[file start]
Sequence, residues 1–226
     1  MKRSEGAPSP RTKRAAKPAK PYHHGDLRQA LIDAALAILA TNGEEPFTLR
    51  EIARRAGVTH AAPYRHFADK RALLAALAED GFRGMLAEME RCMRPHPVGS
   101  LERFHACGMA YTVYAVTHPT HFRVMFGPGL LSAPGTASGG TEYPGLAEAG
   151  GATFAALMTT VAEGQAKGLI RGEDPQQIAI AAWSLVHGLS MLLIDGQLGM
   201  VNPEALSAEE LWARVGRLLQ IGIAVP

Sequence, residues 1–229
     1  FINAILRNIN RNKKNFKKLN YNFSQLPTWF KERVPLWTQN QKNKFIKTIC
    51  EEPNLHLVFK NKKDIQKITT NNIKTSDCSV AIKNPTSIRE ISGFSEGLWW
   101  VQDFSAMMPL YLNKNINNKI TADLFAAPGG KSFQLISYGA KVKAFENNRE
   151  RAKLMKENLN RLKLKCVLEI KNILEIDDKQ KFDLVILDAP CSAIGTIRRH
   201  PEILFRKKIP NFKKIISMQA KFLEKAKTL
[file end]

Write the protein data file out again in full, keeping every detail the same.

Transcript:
Sequence, residues 1–226
     1  MKRSEGAPSP RTKRAAKPAK PYHHGDLRQA LIDAALAILA TNGEEPFTLR
    51  EIARRAGVTH AAPYRHFADK RALLAALAED GFRGMLAEME RCMRPHPVGS
   101  LERFHACGMA YTVYAVTHPT HFRVMFGPGL LSAPGTASGG TEYPGLAEAG
   151  GATFAALMTT VAEGQAKGLI RGEDPQQIAI AAWSLVHGLS MLLIDGQLGM
   201  VNPEALSAEE LWARVGRLLQ IGIAVP

Sequence, residues 1–229
     1  FINAILRNIN RNKKNFKKLN YNFSQLPTWF KERVPLWTQN QKNKFIKTIC
    51  EEPNLHLVFK NKKDIQKITT NNIKTSDCSV AIKNPTSIRE ISGFSEGLWW
   101  VQDFSAMMPL YLNKNINNKI TADLFAAPGG KSFQLISYGA KVKAFENNRE
   151  RAKLMKENLN RLKLKCVLEI KNILEIDDKQ KFDLVILDAP CSAIGTIRRH
   201  PEILFRKKIP NFKKIISMQA KFLEKAKTL